NEW YORK - New York City Mayor Eric Adams has declared a state of emergency due to the monkeypox outbreak. The city estimates that 150,000 people, mostly men who have sex with other men, are at risk.
The city has more than 1,200 reported cases of monkeypox, about 25 percent of all cases in the United States.
"We are continuing to see the numbers rise," Mayor Adams said in a statement. "This order will bolster our existing efforts to educate, vaccinate, test, and treat as many New Yorkers as possible and ensure a whole-of-government response to this outbreak."
The governor had already issued a state of emergency for the entire state.
The city's Department of Health and Mental Hygiene had declared the outbreak a public health emergency on Saturday.
Monday's emergency executive order allows the mayor to suspend local laws, and enact new health rules.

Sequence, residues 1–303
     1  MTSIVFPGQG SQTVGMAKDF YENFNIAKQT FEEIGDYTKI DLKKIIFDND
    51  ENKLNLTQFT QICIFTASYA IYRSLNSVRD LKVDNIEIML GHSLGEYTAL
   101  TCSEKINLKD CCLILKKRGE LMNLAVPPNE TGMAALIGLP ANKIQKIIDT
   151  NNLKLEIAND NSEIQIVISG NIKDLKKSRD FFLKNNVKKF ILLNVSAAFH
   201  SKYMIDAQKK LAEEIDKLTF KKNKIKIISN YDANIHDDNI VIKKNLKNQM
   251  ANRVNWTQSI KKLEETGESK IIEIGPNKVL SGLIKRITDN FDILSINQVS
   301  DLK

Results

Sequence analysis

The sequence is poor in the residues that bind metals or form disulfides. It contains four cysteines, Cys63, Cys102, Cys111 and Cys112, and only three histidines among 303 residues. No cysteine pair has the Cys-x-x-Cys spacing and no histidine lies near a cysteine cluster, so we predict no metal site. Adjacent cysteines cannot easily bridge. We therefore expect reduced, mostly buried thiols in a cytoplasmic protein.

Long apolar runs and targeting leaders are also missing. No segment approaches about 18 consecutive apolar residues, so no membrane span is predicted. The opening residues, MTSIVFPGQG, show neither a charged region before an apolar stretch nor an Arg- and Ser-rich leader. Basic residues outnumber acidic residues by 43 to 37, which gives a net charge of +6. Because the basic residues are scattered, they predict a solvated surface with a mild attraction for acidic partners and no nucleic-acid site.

The city is facing a drastic shortage of monkeypox vaccines with appointments filling up just minutes after they're released. The city expects to get around 80,000 monkeypox vaccine doses in the coming days.
Monkeypox begins as a rash or sores that can look like pimples or blisters. These bumps can appear all over the body — including your face, hands, feet, mouth, genitals or anus — and can become infected.
The symptoms usually start between a week to two weeks after exposure but may not appear for up to 21 days. The sickness can last from two to four weeks with flu-like symptoms including fever, chills, fatigue, swollen lymph nodes, headache, and body aches and pains—like a weaker version of smallpox.
"If you have a new or unexpected rash or other symptoms of monkeypox, contact a health care provider," the New York City Health Department states. "A person is contagious until all sores have healed, and a new layer of skin has formed, which can take two to four weeks."